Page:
The concept of Canadian examinations and a national registry existed in the early 1980’s, however, the idea began to take shape in 1993. By 1999 the need for a Canadian Registry became acute to address accreditation requirements, bilingual policies and provincial regulatory issues. In addition, Canadian Society of Diagnostic Medical Sonographers (CSDMS) surveys in 1993 & early 2000 indicated a 70% positive response for the development of a Canadian Registry.
Prior to the development of CARDUP, the only credential available to Canadian sonographers was the American credential conferred by the American Registry for Diagnostic Medical Sonography® (ARDMS). ARDMS is a widely respected certification agency, but its standards are based upon the needs of the profession in the United States, which are somewhat different from those in Canada. While the ARDMS credential was widely recognized in Canada, it didn’t meet three important criteria valued in the Canadian health care system. It lacked a:
- Canadian focus which ensured that the certification exam was relevant to Canadian practice. The ARDMS examinations are based upon US practice standards, which are not always relevant to Canadian needs. Accredited Canadian educational programs train to the National Competency Profiles endorsed by the professional in Canada, the CSDMS. Currently there is no national competency profile in the US.
- Practical examination to ensure that registered sonographers were clinically competent when entering the Canadian workplace. No assessment of clinical skills is required other than verification declaration of clinical training for the ARDMS credential.
- Bilingual exam available to Canadians in both official languages. ARDMS examinations are not available in the French language.
Several years ago professional associations representing sonographers and specialty physicians in Canada approached ARDMS with a request to develop examinations to address these Canadian needs. ARDMS was unable to accede to this request. As a result the professional associations established CARDUP.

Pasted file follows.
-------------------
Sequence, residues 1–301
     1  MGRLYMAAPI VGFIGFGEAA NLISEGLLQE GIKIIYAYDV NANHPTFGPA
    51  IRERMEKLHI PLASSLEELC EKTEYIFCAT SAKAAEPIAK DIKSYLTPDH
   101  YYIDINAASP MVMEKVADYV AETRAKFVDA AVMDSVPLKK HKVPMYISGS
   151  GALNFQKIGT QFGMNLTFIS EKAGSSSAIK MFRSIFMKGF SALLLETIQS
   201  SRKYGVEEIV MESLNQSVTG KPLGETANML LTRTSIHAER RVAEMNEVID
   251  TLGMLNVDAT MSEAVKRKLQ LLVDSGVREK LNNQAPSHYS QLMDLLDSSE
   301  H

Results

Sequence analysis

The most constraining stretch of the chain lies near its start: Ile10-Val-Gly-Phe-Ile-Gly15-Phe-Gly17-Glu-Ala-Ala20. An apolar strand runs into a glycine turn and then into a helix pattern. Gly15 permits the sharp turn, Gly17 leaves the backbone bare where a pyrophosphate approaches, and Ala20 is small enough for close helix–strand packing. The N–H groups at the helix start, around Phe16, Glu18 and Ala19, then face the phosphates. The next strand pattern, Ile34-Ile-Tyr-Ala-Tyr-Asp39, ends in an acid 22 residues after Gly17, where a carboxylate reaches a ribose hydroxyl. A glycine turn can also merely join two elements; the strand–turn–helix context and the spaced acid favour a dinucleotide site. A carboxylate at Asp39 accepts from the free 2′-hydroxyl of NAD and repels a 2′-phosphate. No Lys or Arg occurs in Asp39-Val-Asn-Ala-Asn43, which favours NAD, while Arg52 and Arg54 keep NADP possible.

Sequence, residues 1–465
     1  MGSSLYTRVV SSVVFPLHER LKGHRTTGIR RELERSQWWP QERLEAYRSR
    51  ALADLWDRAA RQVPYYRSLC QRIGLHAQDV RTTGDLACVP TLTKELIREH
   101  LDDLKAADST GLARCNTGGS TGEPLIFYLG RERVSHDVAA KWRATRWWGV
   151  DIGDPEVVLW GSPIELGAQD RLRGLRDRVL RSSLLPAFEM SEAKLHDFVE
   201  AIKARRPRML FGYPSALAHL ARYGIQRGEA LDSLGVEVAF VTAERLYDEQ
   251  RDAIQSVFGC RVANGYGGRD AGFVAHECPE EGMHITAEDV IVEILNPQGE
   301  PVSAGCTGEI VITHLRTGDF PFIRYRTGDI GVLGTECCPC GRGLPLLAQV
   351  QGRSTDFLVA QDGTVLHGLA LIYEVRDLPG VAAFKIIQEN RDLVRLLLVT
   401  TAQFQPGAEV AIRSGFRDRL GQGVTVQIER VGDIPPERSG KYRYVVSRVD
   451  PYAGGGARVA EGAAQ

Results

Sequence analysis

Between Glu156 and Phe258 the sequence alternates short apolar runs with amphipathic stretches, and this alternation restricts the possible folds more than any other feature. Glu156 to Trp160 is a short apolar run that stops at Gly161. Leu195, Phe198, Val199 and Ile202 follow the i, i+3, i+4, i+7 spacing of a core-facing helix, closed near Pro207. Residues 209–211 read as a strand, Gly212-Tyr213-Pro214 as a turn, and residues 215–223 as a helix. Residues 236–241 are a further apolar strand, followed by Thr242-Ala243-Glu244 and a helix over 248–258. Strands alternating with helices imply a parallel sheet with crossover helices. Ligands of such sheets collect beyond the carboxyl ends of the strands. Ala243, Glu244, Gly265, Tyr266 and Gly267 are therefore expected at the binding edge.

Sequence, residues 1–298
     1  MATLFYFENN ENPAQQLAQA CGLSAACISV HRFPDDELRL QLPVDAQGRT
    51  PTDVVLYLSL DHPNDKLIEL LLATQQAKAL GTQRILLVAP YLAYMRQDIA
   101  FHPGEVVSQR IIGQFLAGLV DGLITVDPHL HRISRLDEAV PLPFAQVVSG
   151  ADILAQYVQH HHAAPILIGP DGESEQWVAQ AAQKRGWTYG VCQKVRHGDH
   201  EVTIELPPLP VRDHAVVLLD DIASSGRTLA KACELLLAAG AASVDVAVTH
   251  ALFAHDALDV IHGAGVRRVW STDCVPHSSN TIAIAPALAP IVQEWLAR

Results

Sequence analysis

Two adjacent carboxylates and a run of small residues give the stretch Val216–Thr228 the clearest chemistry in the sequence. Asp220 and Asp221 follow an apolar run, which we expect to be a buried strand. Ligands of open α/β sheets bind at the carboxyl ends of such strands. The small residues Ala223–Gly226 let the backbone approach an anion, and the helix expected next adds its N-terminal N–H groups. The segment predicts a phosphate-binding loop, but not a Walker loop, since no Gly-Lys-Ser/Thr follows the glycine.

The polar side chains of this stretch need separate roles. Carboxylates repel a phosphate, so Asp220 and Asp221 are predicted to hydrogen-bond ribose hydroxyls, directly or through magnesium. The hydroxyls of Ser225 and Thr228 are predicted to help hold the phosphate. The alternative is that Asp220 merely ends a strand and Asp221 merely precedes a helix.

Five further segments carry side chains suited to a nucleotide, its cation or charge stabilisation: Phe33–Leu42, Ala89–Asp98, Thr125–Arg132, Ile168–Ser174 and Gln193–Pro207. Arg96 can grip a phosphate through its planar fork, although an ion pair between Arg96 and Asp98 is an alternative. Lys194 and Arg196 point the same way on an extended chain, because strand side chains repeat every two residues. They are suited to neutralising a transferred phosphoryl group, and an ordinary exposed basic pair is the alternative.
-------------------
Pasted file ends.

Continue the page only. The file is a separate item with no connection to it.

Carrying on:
Therefore, CARDUP was created with the goals of being responsive to the needs of the Canadian medical community in both official languages and to the establishment of bilingual written and practical exams that reflect Canadian standards.
CARDUP has accomplished a number of its key goals since its beginning in 2000. These include:
- a nation-wide survey of the needs of Canadian employers
- the establishment of Canadian credentials for the Generalist, Cardiac, and Vascular sonographer
- the development and continual revalidation of a comprehensive National Competency Profile for the three sonography disciplines
- the development of a practical examination called the Clinical Skills Assessment, an integral component of the Canadian certification to ensure standardized clinical competency for all CARDUP-registered sonographers entering the Canadian healthcare system
- formation of the Exam Committee that have the responsibility of producing a large bank of high quality examination questions referenced to the National Competency Profile for the profession.
- development of bilingual knowledge based written registry exams
- psychometric evaluation to ensure the statistical validity and defensibility of the examination